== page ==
Happy reading!

Saturday, 12 January 2019

My 2019 Planner

I really enjoyed having a proper planner last year, and I decided to continue the same. But which planner to get? I'm a bit fussy when it comes to the format -- no spiral bound, no ring bound -- which means none of the fancy planner 'systems' out there, like the Happy Planner, Erin Condren, etc. I decided that I may as well look at Smiggle again as my first option. Thankfully I was able to see images of the planners inside and out on their website, which saved me a trip to the shops, as the internal page layout has changed and I didn't like it. Which is a shame because the outer covers were glorious! This one being the most glorious of all:

The scenario was the same with Typo's planner and various other ones I looked at online. In fact, Erin Condren even has a hardback bookbound planner now, but it was a little expensive for me. (Australians pay 30% more for everything from overseas!) I was feeling desperate to secure my planner before the chance was gone (this was back in November, mind you!) so I decided to just go to my local shopping centre and look at the planners in person, hoping to find something that sparked joy.

Then the strangest thing happened. I bought a planner from the first shop I walked into, which happened to be Target. I wasn't even sure they'd be selling planners at all, but they had two Target-brand planners to choose from. I chose the sparkly pink one, of course:

I added the decal on the front; it's from Fox and Cactus, and the charm is from a stationery pack from Mockeri. And yes, I'm aware that the cover is almost the same as last year's:

I know that last year I questioned my choice of a planner that I can't whip out in job interviews, but my magpie-like attraction to shiny things kicked in and here we are! There was an insert with a sample page layout in the plastic wrapping, and it seemed fine, so I grabbed it. (More on that later!)

Fast forward a couple of months, and it was time to set up my planner for 2019! I'd been waiting for this day for a long time. When I opened the wrapping and had a good look at the inside, I was slightly perturbed. The page layout, while generally what I wanted, was a little perplexing. For some reason, Thursday has half the space of the rest of the days, while Saturday and Sunday -- which are often combined in the layout -- each have just as much space as the weekdays. Also, there's a monthly calendar for the current and next month on each page, which I really don't need. It's just taking up valuable space!

I'm a bit on the unicorn spectrum, so it took me quite a while to get my head around it. In fact, it took me nearly a whole day to set up my planner, I have to admit, what with the procrastinating and a couple of near meltdowns. But I did it:

The main layout change is the insert. I have an insert that I made up in Excel which lists my habit trackers, things I do every week etc. I glue this printout into each weekly page of my planner, to save me from having to write it all out fresh every week. Last week I stuck that in the top left corner, because nothing happens on Mondays anyway. For this year's planner, I thought I may as well stick it over the monthly calendars instead. It was hard to accept in my change-makes-me-freeze-up-and-freak-out brain, but logically it made the most sense. (Aside: I'm also currently re-designing the insert with some nice coloured icons and less stuff I don't do anymore, so future pages will look a little different.)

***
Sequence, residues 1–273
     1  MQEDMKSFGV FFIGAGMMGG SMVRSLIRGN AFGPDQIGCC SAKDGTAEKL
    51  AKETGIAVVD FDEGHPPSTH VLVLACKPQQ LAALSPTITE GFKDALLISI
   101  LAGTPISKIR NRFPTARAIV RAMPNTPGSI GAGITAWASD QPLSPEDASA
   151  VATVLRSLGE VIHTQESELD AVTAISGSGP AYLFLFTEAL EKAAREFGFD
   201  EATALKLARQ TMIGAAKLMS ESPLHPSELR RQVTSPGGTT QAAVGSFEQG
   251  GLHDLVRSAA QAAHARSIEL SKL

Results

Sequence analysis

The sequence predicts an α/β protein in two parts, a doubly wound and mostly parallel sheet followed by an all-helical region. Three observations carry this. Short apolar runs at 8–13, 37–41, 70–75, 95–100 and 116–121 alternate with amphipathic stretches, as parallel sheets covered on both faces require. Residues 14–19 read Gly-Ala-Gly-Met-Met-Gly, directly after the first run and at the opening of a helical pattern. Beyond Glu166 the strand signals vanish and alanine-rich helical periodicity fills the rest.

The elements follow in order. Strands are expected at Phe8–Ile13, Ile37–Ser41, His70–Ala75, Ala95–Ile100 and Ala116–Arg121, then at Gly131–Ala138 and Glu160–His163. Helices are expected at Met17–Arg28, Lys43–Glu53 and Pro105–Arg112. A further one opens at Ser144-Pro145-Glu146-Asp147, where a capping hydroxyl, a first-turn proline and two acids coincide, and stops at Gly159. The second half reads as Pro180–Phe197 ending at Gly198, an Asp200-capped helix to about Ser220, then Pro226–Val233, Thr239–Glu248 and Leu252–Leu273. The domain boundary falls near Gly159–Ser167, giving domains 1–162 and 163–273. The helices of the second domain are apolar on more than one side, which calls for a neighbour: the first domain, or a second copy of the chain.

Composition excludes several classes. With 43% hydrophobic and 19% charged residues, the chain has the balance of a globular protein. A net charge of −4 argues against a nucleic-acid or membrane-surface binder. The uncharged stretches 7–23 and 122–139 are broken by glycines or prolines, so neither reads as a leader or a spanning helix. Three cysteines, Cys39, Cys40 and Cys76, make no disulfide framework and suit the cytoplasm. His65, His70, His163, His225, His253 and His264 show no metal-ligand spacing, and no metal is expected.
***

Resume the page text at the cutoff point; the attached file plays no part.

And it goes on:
Suggested blog posts for the week are now in the top right corner instead of just under the insert where they were last year. (There's no room for anything under the insert now!) School tasks are moved to the left-hand side of Wednesdays (to remind me about Wizard Wednesdays!). To-dos are still on the right-hand side of each page -- boring stuff on the left side and more interesting/fun stuff on the right side. I've tried to represent more tasks visually with stickers and circles to colour in, because that's fun.

As for the rest of the planner, I went through and decorated some of the future pages with washi tapes and stickers, especially the significant dates (more decoration to follow, of course!):

I added some of the extra pages as I did last year, using some printables that I bought previously. These are pages where I can write down ideas, etc when I'm out-and-about:

Finally something a little new -- I added some information about different calendars that I'm interested in following:

If you're still reading, thanks for sticking with me until the end of this mega-detailed planner post! I've become a bit of a planner nerd in the last few years, and perhaps fellow planner nerds may find it interesting. More about my sticker obsession is coming up soon!

Thursday, 3 January 2019

Hello 2019

2019 feels like a really different year for me. I have no idea what's going to happen. My job finished up at the end of last year and I don't know what the next one will be like. The agency I go through (a specialist records management and archiving agency) has a different representative, and I don't know what kind of jobs he's going to pass my way.

In my other world, too, things are new. I have my first solo art exhibition booked in, in May. Will I get my art project done on time? Will I pull it off? Will it lead to greater public recognition? I really have no idea, but there's only one way to find out!

Usually at this time of year I'm very focussed on making goals and setting resolutions, but I've started to find it a bit overwhelming. I had my Life Square, which I wrote about last year, and my 7 Subject system, which is 6-monthly and follows the seasons. Not to mention my 101 Things in 1,001 Days list! I decided to combine the first two and keep the seasonal format. This means that the cycle is halfway through when New Year hits (as it runs from Spring Equinox to Autumn Equinox), so there's nothing for me to do, resolution-wise.

It feels a bit strange though, not doing something I've done for so many years. I'm already immersed in the middle of my goals, rather than diving into something fresh. I keep catching myself thinking, "this year, I want to ..." And there's nothing wrong with that, of course. I just don't want to fall into the trap of piling up more and more goals onto my plate until they're impossible to achieve.

So, instead, I thought I might play a little game. I call it More and Less. It is a game, mind you, not something to stress over, or to 'win' or 'lose'. This year I want to:

✷ read more ; play games less
✷ create more ; watch less
✷ eat more vegetables ; eat less sugar
✷ do more ; worry less